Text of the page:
Haddon Hall

We visited Haddon Hall during the Christmas opening on 14th December 2019. I have wanted to visit for a long time. Haddon is located in the heart of the Peak District, sitting high above the River Wye and is one of England’s most fascinating and timeless stately homes and possibly it’s best medieval fortified manor house.

Bays of the Long Gallery (with dad walking over the lawn and mum along the path)

Even before you enter the grounds there is a feeling this is a spellbinding place, literally steeped in 900 years of history and intrigue. Upon crossing over the bridge and walking up to the main entrance you can see how the building has evolved over the centuries, with the unique, higgledy-piggledy architecture that is distinctly not from this age.

Main foot entrance up the stone stairway to the Gatehouse

Simon Jenkins, in his book England’s Thousand Best Houses, asserts that “to wander up the slope to the worn gatehouse steps and enter the ancient courtyard is as agreeable an experience as England can offer”

North west tower Gatehouse overlooking the courtyard. The unique architecture of centuries of building over exiting structures can be seen over the entrance
Staircase and view from the outer courtyard toward the chapel with its Bell tower. To the left under an archway is the remains of King John’s wall

“to wander up the slope to the worn gatehouse steps and enter the ancient courtyard is as agreeable an experience as England can offer”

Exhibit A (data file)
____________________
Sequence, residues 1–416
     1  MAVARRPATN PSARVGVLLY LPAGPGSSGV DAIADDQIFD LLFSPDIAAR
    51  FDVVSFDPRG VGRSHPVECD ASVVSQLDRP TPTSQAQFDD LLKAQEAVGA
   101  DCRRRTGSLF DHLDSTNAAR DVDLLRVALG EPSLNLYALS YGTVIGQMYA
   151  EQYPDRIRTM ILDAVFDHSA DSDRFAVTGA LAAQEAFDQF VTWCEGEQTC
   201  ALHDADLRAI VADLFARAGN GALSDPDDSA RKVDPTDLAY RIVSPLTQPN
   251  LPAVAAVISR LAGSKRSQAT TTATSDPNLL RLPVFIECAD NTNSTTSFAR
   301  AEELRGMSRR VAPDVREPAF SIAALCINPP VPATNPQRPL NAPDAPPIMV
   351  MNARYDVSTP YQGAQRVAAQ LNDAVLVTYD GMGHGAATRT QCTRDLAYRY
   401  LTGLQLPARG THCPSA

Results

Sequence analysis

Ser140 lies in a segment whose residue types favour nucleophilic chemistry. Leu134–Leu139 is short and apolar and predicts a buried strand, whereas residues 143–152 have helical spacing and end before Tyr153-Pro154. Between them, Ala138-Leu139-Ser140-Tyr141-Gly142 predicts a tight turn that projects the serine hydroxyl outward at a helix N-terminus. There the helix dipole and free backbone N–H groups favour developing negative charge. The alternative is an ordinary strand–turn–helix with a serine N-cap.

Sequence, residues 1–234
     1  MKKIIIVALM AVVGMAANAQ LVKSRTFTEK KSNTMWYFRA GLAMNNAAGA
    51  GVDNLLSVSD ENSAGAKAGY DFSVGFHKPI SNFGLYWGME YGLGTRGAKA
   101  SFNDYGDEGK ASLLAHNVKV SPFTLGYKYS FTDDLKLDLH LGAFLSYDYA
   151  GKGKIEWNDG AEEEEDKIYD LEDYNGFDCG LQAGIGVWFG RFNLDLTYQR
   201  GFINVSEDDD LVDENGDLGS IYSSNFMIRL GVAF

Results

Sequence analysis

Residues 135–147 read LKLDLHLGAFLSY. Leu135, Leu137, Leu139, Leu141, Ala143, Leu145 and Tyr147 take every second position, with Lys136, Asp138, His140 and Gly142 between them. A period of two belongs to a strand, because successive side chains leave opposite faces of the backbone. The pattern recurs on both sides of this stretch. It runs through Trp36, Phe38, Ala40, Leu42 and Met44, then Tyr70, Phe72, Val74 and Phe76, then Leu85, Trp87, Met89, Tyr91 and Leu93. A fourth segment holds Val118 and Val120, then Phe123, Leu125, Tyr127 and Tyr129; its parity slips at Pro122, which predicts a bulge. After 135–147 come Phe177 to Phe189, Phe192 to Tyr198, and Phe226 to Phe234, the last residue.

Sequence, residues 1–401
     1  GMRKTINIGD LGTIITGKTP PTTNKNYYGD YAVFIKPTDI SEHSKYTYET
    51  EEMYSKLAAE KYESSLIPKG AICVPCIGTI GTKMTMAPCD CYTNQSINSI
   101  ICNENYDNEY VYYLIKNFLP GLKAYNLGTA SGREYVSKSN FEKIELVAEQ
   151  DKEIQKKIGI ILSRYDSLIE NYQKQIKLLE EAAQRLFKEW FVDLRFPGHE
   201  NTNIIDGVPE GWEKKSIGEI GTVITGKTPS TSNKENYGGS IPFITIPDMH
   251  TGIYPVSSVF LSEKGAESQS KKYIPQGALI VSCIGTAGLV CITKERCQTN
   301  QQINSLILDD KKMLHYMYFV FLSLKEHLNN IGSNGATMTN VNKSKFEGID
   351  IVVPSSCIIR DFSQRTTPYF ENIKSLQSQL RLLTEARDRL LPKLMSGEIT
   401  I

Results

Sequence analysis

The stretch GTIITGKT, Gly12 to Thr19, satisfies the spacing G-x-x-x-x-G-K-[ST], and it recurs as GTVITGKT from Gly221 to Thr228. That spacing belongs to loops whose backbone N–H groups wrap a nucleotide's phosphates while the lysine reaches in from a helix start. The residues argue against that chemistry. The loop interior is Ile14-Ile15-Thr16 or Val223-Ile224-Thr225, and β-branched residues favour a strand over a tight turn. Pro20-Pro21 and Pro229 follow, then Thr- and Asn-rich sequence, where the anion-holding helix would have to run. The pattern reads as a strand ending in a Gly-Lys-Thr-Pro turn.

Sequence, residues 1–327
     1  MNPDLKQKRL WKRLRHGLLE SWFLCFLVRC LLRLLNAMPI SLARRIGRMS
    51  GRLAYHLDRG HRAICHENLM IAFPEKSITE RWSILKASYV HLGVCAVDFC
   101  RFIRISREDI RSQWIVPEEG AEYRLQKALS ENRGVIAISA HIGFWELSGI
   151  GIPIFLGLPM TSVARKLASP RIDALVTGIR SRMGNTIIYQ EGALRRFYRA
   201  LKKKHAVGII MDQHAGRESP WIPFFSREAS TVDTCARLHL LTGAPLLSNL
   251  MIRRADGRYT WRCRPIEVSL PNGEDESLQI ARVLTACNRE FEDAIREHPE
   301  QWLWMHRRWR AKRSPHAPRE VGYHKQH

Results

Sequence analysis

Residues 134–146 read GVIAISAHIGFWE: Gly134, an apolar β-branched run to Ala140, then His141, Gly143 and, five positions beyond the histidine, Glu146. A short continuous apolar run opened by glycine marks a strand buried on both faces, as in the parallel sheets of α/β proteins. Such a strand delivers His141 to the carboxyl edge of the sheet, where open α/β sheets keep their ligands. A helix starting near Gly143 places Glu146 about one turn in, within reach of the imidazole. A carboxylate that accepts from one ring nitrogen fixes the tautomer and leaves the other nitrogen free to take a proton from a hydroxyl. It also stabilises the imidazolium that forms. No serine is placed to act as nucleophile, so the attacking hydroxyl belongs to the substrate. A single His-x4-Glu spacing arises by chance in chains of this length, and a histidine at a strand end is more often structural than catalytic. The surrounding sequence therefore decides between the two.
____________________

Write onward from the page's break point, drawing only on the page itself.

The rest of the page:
Simon Jenkins, England’s Thousand Best Houses

Visiting during Christmas gave the Hall an added sense of magic with every room being exquisitely decorated which made me imagine how people here have celebrated this period centuries ago, what they would have eaten and drank, what they got up to and how they celebrated. As we wandered around, drifting in and out of the wood panelled spaces soaking up the ambience and sense of history, the rooms throughout were groaning with ancient objects, including medieval tables, chairs, desks, chests, bureaus, cupboards and even some Elizabethan dog gates. The powerful feeling and sense of being in such a historic space was truly apparent.

Peveril Tower leading to the kitchens and Banqueting Hall
Wood Panelling above a door way depicting Henry VII and Elizabeth of York (next to a Christmas tree)
There is also, rather curiously, a carving of Will Somers, Henry VIII’s fool.

A brief History

The Vernon family acquired the Manor of Haddon by a 12th-century marriage between Sir Richard de Vernon and Alice Avenell, daughter of William Avenell II. Four centuries later, in 1563, Dorothy Vernon, the daughter and heiress of Sir George Vernon, married John Manners, the second son of Thomas Manners, 1st Earl of Rutland. A legend grew up in the 19th century that Dorothy and Manners eloped. The legend has been made into numerous novels, dramatisations and other works of fiction. She nevertheless inherited the Hall, and their grandson, also John Manners, inherited the Earldom in 1641 from a distant cousin. His son, another John Manners, was made 1st Duke of Rutland in 1703. In the 20th century, another John Manners, 9th Duke of Rutland, made a life’s work of restoring the hall. It is now the private residence of Lord and Lady Edward Manners.

Bridge over the Wye overlooked from the gardens. It is over this bridge that Dorothy Vernon eloped
Plan of Haddon Hall